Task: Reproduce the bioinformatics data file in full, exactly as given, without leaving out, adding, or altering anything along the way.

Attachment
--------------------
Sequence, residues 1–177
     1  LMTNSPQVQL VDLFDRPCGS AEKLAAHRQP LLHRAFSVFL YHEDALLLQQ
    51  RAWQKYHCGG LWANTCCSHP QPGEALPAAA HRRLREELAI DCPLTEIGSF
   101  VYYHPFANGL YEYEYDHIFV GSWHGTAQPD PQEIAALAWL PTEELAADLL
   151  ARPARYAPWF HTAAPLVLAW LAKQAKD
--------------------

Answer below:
Sequence, residues 1–177
     1  LMTNSPQVQL VDLFDRPCGS AEKLAAHRQP LLHRAFSVFL YHEDALLLQQ
    51  RAWQKYHCGG LWANTCCSHP QPGEALPAAA HRRLREELAI DCPLTEIGSF
   101  VYYHPFANGL YEYEYDHIFV GSWHGTAQPD PQEIAALAWL PTEELAADLL
   151  ARPARYAPWF HTAAPLVLAW LAKQAKD